What can I say about this book? Well, its not just any book. It’s one of a kind. And a kind that happens to deal with one of the most important elements in the life of the church. It’s a book on preaching and preachers. I could see why Dr. Jones would want to write a book on preaching and preachers. For example, in this clear definition concerning the work of the church and the pastor, he states, “The primary task of the Church and of the Christian minister is the preaching of the Word of God.” In other words it is the business of the church to make sure that the preaching of God’s Word is not subordinate to other areas in the life of the church. Preaching is essential, because the preacher stands between God and souls that are on the verge of entering Hell and life of voidness that is separated from the love of God. For Dr. Jones, “The preacher alone is the one who can do this. He is the only one who is in a position to deal with the greatest need of the world.” There is no substitute for it because preaching is the means that has been ordained by God to convert dead souls; and to edify living souls.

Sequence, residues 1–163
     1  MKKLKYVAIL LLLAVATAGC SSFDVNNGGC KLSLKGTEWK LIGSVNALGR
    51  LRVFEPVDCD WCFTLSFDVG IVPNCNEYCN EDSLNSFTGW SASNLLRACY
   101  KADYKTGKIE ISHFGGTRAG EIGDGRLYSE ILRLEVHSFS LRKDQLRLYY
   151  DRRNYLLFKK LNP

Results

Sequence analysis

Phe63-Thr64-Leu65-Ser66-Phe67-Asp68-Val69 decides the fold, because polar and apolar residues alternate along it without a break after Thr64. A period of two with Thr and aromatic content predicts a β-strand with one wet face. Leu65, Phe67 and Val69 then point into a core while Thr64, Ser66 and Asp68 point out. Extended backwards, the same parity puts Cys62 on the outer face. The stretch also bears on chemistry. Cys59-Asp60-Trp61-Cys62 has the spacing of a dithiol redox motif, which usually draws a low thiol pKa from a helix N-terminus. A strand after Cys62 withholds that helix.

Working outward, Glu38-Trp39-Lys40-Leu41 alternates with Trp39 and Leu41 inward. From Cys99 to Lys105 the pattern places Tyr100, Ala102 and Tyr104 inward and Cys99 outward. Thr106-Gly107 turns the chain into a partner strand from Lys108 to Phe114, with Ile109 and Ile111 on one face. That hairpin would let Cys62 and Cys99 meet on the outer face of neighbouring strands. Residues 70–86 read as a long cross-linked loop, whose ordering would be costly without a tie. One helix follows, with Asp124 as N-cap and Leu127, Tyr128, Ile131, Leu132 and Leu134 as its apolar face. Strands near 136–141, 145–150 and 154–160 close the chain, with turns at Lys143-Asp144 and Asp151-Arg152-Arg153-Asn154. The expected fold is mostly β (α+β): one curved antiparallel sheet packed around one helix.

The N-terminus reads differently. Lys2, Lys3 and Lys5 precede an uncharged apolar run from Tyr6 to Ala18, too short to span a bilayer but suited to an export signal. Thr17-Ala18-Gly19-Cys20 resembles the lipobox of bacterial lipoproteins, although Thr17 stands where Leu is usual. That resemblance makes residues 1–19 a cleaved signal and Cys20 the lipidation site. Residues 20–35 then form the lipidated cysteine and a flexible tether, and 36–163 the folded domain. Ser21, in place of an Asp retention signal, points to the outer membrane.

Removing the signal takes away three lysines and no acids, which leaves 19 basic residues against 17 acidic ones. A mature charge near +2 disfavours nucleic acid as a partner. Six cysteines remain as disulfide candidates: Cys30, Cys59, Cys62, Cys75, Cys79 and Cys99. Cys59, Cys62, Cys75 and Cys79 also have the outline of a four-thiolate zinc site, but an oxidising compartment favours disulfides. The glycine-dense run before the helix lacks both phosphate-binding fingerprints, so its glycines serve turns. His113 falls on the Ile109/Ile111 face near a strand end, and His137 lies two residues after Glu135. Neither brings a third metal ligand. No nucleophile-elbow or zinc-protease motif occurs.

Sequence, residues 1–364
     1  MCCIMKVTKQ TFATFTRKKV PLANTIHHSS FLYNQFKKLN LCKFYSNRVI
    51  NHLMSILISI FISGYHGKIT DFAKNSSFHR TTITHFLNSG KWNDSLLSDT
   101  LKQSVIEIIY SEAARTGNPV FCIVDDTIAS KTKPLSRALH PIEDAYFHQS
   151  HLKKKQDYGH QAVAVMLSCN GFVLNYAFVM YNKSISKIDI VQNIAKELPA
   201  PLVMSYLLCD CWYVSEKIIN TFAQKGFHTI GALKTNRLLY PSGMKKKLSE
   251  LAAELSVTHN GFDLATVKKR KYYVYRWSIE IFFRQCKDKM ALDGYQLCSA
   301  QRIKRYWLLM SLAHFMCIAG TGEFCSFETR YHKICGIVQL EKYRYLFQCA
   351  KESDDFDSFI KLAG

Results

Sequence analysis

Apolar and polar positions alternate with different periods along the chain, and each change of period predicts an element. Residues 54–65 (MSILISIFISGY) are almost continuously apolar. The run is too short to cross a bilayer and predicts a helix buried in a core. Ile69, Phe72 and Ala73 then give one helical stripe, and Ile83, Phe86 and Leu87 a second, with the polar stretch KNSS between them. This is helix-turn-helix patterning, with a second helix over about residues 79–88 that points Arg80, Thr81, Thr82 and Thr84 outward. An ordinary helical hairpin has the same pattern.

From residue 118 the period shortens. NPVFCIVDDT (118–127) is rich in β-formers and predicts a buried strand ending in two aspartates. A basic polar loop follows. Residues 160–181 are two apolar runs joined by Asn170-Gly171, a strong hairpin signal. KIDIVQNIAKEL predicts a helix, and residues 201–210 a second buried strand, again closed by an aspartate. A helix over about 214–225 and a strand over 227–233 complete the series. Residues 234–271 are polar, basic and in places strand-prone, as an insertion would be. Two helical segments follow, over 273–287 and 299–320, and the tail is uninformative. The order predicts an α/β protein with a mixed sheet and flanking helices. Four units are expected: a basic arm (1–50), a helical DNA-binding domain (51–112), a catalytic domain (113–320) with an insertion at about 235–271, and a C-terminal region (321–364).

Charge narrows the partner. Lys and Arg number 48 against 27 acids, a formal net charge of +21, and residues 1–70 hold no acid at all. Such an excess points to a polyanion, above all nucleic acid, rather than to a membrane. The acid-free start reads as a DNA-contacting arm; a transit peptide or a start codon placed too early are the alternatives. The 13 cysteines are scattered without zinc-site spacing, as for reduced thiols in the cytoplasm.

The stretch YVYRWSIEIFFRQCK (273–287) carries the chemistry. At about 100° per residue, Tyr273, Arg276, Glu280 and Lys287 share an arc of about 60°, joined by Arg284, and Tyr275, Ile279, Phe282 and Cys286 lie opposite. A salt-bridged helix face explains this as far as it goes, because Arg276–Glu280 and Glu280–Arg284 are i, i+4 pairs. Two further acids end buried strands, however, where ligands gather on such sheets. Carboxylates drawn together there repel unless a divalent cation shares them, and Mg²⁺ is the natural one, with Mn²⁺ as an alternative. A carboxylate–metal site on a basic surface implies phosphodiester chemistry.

There are so many things that can be addressed concerning this book. Once you read this book you probably will scratch your head at some of the doctor’s comments and may not agree with every single jot and tittle of what the man says. You will see some of his strong opinions, but they are worth your attention, nonetheless. It will cause you to think. Some of the foundational points that Dr. Jones mentions can be listed under these headings that is somewhat similar to what Mark Dever said in his essay contribution concerning his reading of Dr. Jones’ book: preaching should normally be expository, evangelistic, clear about God, serious, clear about sin, confrontational, not deceptive/manipulative; should proclaim the Gospel; and preaching should proclaim the Gospel because the Gospel is for everyone.